In our first article in this series, we took a look at how Walnut’s National Hardwood Lumber Association (NHLA) grading scale differs from the grading scale used for other hardwood species for both First and Seconds (FAS) and Select grades. In this article, we’ll take a look at the differences in grading for Walnut at both the #1 Common and #2 Common grade levels. In each instance, you’ll notice that the standard for Walnut tends to be lower than for other species.
Walnut Grade Differences for #1 Common Grade
Common grade lumber isn’t unusable, although many purchasers won’t even consider it. This is really too bad, as it would be perfectly acceptable lumber for a variety of different applications. If you don’t mind dealing with lumber that contains some knots in it, you’ll be able to save significantly if you purchase either #1 or #2 Common grade lumber for your next project.
Typical #1 Common grade lumber must have a minimum clear cutting size of three inches by three feet or four inches by two feet. It must have a minimum board size of three inches by four feet. Both faces of the board must have 66.6% clarity.
As with the FAS and Select lumber, the standard is lowered for Walnut, which must have a clear cutting size of three inches by two feet. The percentages are the same when it comes to clarity. This difference allows smaller boards that are otherwise similar in quality to make the NHLA #1 Common grade for Walnut.
Walnut Grade Differences for #2 Common Grade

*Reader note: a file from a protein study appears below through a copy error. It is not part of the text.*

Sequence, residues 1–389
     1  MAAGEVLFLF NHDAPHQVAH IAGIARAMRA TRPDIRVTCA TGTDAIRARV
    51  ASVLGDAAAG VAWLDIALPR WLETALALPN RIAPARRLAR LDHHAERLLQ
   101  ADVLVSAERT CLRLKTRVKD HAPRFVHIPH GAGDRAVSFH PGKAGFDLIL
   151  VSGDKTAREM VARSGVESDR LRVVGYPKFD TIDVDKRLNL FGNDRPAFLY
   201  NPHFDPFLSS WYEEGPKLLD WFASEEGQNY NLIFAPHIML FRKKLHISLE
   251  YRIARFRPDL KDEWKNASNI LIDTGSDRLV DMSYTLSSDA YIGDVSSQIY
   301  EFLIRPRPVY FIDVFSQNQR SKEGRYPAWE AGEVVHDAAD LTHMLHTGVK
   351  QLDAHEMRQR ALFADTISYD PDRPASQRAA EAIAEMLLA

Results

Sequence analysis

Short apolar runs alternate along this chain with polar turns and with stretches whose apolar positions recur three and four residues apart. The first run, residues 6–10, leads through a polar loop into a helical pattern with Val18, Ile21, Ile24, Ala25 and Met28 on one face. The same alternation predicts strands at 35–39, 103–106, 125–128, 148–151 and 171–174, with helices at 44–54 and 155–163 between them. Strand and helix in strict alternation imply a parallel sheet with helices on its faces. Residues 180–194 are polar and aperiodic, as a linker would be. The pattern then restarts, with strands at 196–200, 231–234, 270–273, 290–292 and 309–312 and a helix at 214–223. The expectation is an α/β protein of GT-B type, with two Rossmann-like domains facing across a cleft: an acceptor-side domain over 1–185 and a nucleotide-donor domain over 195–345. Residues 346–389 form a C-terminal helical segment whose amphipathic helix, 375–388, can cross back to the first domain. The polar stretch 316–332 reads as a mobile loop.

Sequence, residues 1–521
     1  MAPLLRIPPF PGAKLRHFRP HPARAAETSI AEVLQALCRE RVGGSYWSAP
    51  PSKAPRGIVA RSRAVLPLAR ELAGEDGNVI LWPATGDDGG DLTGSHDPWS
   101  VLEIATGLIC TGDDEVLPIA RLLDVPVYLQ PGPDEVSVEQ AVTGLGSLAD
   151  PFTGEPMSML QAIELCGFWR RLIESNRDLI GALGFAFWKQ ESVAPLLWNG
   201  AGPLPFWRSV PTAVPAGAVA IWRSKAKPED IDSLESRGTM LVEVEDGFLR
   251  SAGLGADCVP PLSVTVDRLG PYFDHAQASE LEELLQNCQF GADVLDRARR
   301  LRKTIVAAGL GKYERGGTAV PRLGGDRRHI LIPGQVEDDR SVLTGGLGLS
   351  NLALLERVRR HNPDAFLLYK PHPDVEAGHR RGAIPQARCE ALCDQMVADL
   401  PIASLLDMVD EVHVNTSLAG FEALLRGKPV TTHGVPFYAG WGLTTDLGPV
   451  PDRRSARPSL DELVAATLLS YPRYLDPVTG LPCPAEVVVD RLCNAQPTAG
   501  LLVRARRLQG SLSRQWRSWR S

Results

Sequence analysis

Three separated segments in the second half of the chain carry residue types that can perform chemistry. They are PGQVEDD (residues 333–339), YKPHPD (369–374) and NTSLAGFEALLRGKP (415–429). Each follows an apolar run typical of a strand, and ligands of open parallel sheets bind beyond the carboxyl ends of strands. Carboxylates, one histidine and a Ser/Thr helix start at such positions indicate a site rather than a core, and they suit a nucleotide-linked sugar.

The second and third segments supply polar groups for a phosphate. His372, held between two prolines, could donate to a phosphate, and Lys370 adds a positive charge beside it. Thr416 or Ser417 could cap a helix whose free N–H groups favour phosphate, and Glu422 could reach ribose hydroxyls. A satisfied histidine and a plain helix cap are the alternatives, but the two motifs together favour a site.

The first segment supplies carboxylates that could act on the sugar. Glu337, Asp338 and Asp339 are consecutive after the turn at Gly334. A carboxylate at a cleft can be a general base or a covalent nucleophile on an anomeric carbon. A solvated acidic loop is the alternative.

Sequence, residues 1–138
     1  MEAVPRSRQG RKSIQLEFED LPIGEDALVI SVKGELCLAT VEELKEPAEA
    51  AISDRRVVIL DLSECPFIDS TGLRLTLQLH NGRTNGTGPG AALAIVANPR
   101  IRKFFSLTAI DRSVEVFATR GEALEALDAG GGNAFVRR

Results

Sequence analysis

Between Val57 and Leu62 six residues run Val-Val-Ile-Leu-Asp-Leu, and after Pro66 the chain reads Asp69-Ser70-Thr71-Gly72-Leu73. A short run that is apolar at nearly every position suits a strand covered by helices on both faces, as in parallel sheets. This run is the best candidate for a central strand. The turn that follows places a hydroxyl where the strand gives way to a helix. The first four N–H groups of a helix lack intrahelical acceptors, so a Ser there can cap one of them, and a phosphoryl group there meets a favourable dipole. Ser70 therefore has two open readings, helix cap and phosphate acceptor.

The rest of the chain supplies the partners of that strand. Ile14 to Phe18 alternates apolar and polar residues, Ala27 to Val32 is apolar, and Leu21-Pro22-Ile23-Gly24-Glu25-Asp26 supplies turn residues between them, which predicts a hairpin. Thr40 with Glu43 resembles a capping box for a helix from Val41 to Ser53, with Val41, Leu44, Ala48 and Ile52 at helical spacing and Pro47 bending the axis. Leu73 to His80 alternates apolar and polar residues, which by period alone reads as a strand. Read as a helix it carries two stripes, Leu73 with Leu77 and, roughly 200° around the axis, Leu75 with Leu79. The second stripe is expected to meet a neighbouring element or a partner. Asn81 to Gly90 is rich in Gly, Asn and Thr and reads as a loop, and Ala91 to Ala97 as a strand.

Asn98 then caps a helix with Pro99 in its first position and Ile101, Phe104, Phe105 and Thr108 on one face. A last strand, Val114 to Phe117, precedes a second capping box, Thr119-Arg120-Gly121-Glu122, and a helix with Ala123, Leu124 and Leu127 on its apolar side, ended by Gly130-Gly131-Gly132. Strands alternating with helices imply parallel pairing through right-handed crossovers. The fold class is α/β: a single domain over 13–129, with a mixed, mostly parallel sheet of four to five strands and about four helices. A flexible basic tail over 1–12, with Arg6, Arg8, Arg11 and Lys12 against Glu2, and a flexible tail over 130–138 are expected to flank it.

For all intents and purposes, #2 Common grade is the bottom of the barrel when it comes to what most domestic purchasers would even begin to consider for their lumber projects. Everything that falls below #2 Common grade would basically be considered too inferior to be considered even for the least important interior or exterior construction applications. Those boards would instead be relegated to use as scrap wood or for use in pallets and the like.
The clearest of the two faces for a typical #2 common grade board should have no less than a 50% clarity level. It should be a minimum clear cutting size of three inches by two feet and have a minimum board size of three inches by four feet.
Common grade is often used in hardwood flooring. That’s because small, narrow boards such as the ones that fit into this grade category are ideal for meeting the stability requirements of wood flooring. Since the bottom face will always be hidden, it doesn’t need to be very clear at all.
The NHLA grading standards for #2 Common Walnut are similar, but there is a minimum of two inches and no minimum length requirement for clear-cutting. Certainly, this lack of a minimum length tends to yield extremely small boards that are limited in their usability.
In our final article in this series, we’ll go over some of the reasons why grading standards aren’t the same for Walnut as they are for other species of lumber.